The Ugliest Aircraft in HistoryText by Divan MullerOver the past 118 years, many stunningly beautiful aircraft have been designed. The Spitfire with its elliptical wings, the delta-wing Vulcan, or French fighters, such as the Mirage 2000 and Rafale, immediately come to mind. Today, we will be looking at the other end of the spectrum. “Ah,” you may say. “As an aviation enthusiast, I am certain there is no such thing as an ugly aircraft!” That’s what I thought, until I discovered these aircraft…Antonov A-40, USSR, 1942
Does this gliding T27 tank count as an aircraft? Suffice to say it was a frightening concept.
AD Scout, Britain, 1915
The Scout was designed to attack Zeppelin bombers. It was developed by the British Air Department.
McDonnell XF-85, USA, 1948
The ‘Goblin’ was an experimental fighter, which would have been carried and launched by larger bombers.
PZL Mielec, Poland, 1973
Nicknamed the ‘Noisy Demon’, this jet-powered agricultural aircraft
was designed for large Soviet farms.
Caproni Stipa, Italy, 1932
Also known as the ‘Flying Barrel’, this aircraft contributed to jet engine development.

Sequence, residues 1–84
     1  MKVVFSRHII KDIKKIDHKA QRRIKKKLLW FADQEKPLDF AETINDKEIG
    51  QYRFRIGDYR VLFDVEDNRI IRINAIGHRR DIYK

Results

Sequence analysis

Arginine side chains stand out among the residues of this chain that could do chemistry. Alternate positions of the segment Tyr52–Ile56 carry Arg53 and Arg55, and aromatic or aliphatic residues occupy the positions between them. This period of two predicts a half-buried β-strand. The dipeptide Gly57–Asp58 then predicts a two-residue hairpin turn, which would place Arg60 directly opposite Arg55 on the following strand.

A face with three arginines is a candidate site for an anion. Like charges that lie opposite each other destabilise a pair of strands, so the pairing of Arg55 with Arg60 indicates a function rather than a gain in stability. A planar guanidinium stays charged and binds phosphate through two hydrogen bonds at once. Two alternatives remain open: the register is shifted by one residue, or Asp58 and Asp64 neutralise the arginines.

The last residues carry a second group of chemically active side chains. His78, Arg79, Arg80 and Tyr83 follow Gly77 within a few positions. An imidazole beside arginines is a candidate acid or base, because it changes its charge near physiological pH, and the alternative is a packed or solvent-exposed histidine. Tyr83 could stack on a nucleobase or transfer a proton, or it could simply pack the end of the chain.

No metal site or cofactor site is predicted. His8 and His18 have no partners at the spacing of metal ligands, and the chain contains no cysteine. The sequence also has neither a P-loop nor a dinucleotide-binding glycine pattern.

Bell X-14, USA, 1957
Constructed out of parts from a Beechcraft Bonanza and Beech Mentor, the X-14 was powered by two turbojet engines. It could take-off and land vertically and remained in service for more than twenty years.
Ilyushin Il-40, USSR, 1953
It seems form follows function with the Il-40. When its guns were fired, gases entered its air intakes and caused engine flameouts. As a result, the air intakes were moved all the way to the front of the aircraft.
Bennett PL-11 Airtruck, New Zealand, 1960
Designed to replace Tiger Moths as a crop-dusting platform, the Bennet Airtruck was constructed from surplus Harvard parts. Thankfully, only two examples were built.
Curtis Goupil ‘Duck’ Replica, USA / France, 1916
This aircraft was first designed in the 1880s and was supposed to be powered by a steam engine. It did not fly, but in 1916, Curtis built a flying example with a piston engine, to strengthen the company’s case in a control surface lawsuit.
Mikoyan Gurevich MiG-8 ‘Utka’, USSR, 1945
At the top, or perhaps the bottom, of our list, there is the MiG-8. This experimental aircraft was one of the first aircraft to use canards. As a research aircraft, it was quite useful to Soviet aircraft designers, but good looks were certainly not its forte.
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